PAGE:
v.c.u. students in a 1960s classroom reading the biography of malcolm x
Source: Special Collections and Archives, Virginia Commonwealth University Libraries


The Civil Rights Movement of the 1960s reawakened African Americans’ pride in their race, history and culture. In the wake of Dr. Martin Luther King, Jr.’s death, white and Black university students demanded programs to address the political and social climate in America. Across the nation, the Black Power movement was gaining momentum, and students at San Francisco State and other universities called for a resolution to the problem of racism in the academy. 

In 1967, an interracial group of approximately 20 students at the Richmond Professional Institute held a series of meetings to address race relations and to develop an African American studies program. These were the beginnings of the Department of African American Studies that exists today at VCU.

a student from the 1960s sitting behind a desk with books such as 'the american negro reference book' and a book by w.e.b. dubois
Source: Special Collections and Archives, Virginia Commonwealth University Libraries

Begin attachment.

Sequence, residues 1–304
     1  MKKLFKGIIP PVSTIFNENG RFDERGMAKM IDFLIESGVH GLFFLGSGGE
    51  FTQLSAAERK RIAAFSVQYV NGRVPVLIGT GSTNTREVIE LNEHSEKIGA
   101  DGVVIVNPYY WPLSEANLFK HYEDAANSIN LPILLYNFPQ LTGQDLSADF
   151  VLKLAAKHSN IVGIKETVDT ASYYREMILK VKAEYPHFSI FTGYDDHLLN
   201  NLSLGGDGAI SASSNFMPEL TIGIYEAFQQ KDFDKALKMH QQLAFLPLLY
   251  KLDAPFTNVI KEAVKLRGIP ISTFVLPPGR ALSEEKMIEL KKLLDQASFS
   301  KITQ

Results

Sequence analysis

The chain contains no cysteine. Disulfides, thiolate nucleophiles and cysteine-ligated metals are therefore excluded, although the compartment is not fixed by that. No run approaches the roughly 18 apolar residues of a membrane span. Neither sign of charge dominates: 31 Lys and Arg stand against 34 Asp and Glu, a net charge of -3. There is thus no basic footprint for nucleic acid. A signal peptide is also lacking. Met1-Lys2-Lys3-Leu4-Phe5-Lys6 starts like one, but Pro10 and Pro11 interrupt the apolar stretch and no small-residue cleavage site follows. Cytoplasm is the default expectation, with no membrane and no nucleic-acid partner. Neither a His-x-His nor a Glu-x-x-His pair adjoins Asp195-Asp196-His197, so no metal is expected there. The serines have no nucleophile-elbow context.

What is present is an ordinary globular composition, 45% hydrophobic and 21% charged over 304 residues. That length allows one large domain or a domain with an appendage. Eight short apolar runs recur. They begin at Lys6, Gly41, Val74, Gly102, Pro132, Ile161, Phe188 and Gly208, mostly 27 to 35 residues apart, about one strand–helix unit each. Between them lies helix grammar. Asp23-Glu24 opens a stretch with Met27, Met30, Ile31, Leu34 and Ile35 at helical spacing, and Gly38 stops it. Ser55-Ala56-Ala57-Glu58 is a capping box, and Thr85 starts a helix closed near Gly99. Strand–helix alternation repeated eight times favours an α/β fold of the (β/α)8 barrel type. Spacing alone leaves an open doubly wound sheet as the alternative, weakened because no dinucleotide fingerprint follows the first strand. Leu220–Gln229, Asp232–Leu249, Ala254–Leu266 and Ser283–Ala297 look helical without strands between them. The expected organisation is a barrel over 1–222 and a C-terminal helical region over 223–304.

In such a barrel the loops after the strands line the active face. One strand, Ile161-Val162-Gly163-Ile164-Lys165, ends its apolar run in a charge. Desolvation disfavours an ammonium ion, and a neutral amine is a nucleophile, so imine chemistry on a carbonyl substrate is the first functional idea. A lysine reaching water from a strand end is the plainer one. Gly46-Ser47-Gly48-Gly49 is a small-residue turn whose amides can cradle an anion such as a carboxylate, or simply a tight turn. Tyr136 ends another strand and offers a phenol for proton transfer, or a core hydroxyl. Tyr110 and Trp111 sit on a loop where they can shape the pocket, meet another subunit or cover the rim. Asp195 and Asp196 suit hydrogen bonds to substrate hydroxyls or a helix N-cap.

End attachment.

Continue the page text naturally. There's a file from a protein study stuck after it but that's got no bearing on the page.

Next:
These students created the African American Studies Committee, a forward-looking group that included administrators and faculty who were committed to changing the way that higher education perceives and studies African Americans. Within the year, the Richmond Professional Institute became Virginia Commonwealth University through a merger with the Medical College of Virginia.

Also that year, students organized a protest rally at Shafer Court against those whom they perceived were against a reevaluation of African American issues at the university. This was the first of many successful demonstrations of support for ethnic studies at the university level.

The African American Studies Committee successfully created two for-credit courses in African American studies at VCU in 1969. African American studies appeared in the VCU Bulletin under interdisciplinary courses.